Strong families are critically important to the well-being of children and dramatically impact the health, stability, safety and viability of communities throughout the United States. Helping fathers improve their ability to create and sustain stable marriages and promoting consistent, active, responsible engagement with their children is vitally important to the well-being of children and communities.
Resilient marriages and families are built on core values and behaviors that are significantly influenced by early life experiences. Men generally prepare for their roles as husbands and fathers based on the examples provided by their fathers, who learned from their own fathers, and so on.
Through the middle of the 20th century, those examples primarily provided a model for marriages based on security, stability and raising children with men traditionally serving as primary breadwinners and women most often assuming primary responsibility for raising and nurturing their children.
As women increasingly entered the workforce to help meet the challenges of World War II and continued to pursue education and career opportunities over subsequent decades, gender roles and the basis of marriage gradually shifted to peer relationships sustained by love and intimacy (Satir, 1983).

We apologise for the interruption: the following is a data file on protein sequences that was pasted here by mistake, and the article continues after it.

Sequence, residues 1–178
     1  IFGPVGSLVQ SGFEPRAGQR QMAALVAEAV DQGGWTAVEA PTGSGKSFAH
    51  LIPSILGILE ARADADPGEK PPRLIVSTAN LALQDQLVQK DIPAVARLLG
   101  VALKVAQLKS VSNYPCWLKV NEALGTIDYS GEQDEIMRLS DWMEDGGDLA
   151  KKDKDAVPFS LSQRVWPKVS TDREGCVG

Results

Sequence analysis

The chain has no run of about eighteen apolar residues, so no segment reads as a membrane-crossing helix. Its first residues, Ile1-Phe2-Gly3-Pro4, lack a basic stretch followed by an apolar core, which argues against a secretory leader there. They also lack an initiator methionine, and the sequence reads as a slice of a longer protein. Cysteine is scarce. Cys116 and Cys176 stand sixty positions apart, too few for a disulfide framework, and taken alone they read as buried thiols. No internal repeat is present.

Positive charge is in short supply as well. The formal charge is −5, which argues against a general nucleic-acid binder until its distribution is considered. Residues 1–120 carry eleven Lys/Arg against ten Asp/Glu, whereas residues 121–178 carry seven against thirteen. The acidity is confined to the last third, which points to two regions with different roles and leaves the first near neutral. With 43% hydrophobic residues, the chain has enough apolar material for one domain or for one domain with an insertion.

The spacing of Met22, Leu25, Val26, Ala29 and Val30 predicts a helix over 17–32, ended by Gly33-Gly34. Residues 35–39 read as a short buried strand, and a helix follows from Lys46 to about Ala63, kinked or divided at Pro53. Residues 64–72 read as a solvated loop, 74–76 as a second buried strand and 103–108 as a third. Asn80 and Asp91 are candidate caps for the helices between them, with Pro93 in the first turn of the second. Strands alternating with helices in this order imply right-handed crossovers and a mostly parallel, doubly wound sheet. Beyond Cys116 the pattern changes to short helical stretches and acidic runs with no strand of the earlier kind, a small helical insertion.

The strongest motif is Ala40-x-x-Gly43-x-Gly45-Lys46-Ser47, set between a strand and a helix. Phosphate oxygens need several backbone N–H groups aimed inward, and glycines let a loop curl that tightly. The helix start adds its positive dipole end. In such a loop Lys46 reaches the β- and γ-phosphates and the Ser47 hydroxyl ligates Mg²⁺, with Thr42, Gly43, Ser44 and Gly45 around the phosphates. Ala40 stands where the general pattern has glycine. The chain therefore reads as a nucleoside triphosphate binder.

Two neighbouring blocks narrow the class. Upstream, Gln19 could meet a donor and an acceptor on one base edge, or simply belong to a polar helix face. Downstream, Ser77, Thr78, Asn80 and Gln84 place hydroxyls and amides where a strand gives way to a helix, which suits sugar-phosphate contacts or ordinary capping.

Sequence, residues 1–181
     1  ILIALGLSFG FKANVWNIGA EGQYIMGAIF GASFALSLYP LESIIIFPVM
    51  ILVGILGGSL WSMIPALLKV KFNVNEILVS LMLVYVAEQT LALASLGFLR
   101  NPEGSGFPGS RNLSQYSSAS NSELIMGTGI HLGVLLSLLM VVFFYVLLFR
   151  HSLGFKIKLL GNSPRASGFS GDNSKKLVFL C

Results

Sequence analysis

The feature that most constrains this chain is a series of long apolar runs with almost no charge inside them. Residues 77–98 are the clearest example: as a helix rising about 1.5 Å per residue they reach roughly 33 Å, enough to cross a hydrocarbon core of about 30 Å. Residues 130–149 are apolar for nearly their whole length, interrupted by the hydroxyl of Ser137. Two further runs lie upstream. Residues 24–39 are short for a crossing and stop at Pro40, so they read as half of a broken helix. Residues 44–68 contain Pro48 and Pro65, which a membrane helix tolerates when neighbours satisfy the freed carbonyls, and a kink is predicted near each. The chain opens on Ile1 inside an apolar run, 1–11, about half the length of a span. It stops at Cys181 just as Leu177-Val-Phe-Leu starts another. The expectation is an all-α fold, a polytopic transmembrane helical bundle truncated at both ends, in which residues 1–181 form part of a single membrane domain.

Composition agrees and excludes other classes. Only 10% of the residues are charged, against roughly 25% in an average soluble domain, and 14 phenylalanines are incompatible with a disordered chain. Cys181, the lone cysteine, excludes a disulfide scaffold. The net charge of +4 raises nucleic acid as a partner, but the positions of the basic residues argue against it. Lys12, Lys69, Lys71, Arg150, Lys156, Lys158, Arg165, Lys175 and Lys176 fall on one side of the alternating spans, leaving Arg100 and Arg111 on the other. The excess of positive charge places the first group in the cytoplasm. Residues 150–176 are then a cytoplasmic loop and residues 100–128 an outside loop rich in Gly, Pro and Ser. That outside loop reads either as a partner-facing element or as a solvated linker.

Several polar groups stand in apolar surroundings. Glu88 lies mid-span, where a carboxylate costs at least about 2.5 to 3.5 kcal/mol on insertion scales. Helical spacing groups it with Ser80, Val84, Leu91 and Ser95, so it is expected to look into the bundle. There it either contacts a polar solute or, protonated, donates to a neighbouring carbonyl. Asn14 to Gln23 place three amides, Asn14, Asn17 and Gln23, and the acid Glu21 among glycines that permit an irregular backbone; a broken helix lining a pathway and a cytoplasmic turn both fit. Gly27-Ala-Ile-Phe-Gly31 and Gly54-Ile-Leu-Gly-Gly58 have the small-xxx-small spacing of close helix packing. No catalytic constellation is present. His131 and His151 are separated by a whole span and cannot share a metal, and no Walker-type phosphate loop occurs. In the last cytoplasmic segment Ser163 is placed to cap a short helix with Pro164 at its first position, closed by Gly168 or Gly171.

Men who looked to the examples of their own fathers for models of relationship increasingly floundered, leading to significant increases in national rates of marital and family breakdown and generations of American children raised in single-parent households. Those children typically reached adulthood without the knowledge or skills needed to create and sustain their own marriages and parental relationships, contributing to exponential rates of divorce, greater numbers of children born to single parents, and millions of youngsters growing up without the critical involvement and resources provided within stable, two-parent homes.
These experiences have substantially contributed to social conditions that threaten the very fabric of American society, culture and potential for economic prosperity, including dramatic increases in delinquent and illegal behaviors that lead to juvenile and adult incarceration, illegal drug use, risky sexual activities, declining academic performance, mental and physical health consequences, increased poverty, and the squandered potential of children – our future generations.
Research demonstrates that PAIRS relationship skills training, a behavioral/cognitive educational approach developed, evaluated, and refined over a quarter century, has the potential to reverse this trend and significantly contribute to strengthening families and improving outcomes for children.
Click here for the full report, "PAIRS Relationship Skills Training Helps Men Succeed as Husbands and Fathers (January 2010)."